The exact figure is liable to change a little from season to season, but each calendar year you can expect to see around 115 amateur flat races and around 50 National Hunt races (includes a small number of National Hunt flat events) in Great Britain. Most are open to all amateurs although some are restricted to male riders and others to female riders.

Amateur races are not confined to a small number of racecourses so you can see amateur riders in action all over the country throughout the year. In most cases, just one or two races on the day’s racecard will field amateurs with the rest being professional affairs. You will not find a situation in which every scheduled race at a course is a battle between amateurs.

Are There Any ‘Big’ Amateur Races?

The vast majority of strictly amateur races are lower class races so between Class 3 and Class 6 but a few notable amateur races certainly exist. There are three big examples that feature during the Cheltenham Festival: the St James’s Place Festival Hunter Chase, the Fulke Walwyn Kim Muir Challenge Cup, and the National Hunt Chase Challenge Cup. The last of these carries Grade 2 status, making it a very prestigious race for amateur jockeys.

Do Amateur Riders Win Big Races?

We mentioned earlier that in many National Hunt races, amateurs are free to compete with the professionals, providing they have a Category B licence. In other sports, pitting an amateur against a professional would create a complete mismatch but amateur jockeys have been known to win some very big races. Sam Waley-Cohen is a man responsible for some of the best recent examples. In 2010 and 2012, he claimed glory in the King George VI Chase while riding Long Run. On the first occasion, he beat the then five-time champion Kauto Star. The owner of a dental practice chain also won the Cheltenham Gold Cup, again on Long Run, being the first amateur in 30 years to win the contest.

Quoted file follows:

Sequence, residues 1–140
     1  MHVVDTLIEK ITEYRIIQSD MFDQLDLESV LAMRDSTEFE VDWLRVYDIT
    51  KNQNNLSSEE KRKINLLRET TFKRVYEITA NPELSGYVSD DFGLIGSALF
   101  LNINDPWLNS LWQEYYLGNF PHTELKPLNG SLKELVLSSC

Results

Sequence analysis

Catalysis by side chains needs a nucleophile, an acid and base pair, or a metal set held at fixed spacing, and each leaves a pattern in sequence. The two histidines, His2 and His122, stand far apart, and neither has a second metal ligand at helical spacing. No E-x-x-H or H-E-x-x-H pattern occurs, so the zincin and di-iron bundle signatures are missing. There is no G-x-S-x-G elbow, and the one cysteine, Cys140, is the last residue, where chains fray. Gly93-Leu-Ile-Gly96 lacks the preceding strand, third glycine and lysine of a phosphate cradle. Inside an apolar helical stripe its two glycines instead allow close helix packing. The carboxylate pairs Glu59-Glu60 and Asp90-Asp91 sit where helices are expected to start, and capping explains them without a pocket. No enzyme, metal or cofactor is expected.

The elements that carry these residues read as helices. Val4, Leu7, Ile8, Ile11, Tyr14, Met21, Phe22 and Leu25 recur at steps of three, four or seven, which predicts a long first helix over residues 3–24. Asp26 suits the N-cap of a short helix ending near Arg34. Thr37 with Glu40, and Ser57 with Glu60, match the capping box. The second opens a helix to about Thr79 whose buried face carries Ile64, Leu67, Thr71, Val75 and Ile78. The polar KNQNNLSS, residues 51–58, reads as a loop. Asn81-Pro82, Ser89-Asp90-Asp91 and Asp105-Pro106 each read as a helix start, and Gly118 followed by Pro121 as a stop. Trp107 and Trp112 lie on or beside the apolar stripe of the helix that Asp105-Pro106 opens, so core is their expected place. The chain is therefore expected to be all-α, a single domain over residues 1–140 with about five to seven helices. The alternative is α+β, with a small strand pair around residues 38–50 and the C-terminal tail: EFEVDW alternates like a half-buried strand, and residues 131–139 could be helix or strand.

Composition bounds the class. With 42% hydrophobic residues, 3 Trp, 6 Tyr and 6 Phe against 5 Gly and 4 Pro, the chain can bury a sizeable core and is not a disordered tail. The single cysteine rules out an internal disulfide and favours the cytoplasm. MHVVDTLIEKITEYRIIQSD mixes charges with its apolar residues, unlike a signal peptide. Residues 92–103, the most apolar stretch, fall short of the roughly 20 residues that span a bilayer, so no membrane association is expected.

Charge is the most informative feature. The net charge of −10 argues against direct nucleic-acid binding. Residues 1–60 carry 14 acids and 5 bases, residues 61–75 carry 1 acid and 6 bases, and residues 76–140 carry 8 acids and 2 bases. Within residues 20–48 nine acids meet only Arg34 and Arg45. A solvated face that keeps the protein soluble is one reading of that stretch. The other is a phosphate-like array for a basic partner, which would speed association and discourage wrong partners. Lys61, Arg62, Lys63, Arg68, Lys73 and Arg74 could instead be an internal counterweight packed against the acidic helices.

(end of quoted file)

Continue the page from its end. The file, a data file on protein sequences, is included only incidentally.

Incredibly, Waley-Cohen almost won a Grand National at Aintree too but he had to settle for second in the end when on the saddle of Oscar Time. Winning experience at Aintree was something he has experienced though in races such as the Foxhunters’ Open Hunters’ Chase, the Becher Chase and the Topham Chase.

While a real standout name, you will find that other amateurs jockeys have made history in a lot of key National Hunt races. You can see examples in races, such as the Welsh Grand National (1981), the Tingle Creek Chase (2001), the Stayers’ Hurdle (1978), the Champion Bumper (2019), the Champion Hurdle (1986), the Denman Chase (2012), the Glenfarclas Cross Country Chase (2017), and the Grand National (1990). The year denotes the most recent amateur jockey success. In some instances, amateurs have claimed the race on multiple occasions.

Flat racing does not see a mix of professional and amateurs in races so you will not see amateur winners of any leading flat race.

Do Amateur Riders Turn Pro?

Cheltenham Racecourse crowds
Sarah / Flickr.com

Some amateurs are not good enough to make the leap up to being a pro and thus they do not really have the option. Those that are most certainly good enough do not always choose to upgrade though as they simply enjoy their amateur status. You can, therefore, have some extremely highly-rated amateur riders, such as JT McNamara, that amass hundreds of wins. In the case of the Irishman, he recorded over 600 before breaking his neck in the 2013 Cheltenham Festival which unfortunately left him paralysed.

Some amateurs do of course turn professional though, Sam Twiston-Davies being a notable recent example. Given his father is a highly successful trainer, being a jockey was always likely to be more than just a hobby for Sam. It was a similar case for Bryony Frost whose grandad and dad were both heavily involved in racing (her father rode the winner in the 1989 Grand National). Often you will find that amateurs that turned pro do have some family links in the game as it is a fairly connections-based industry.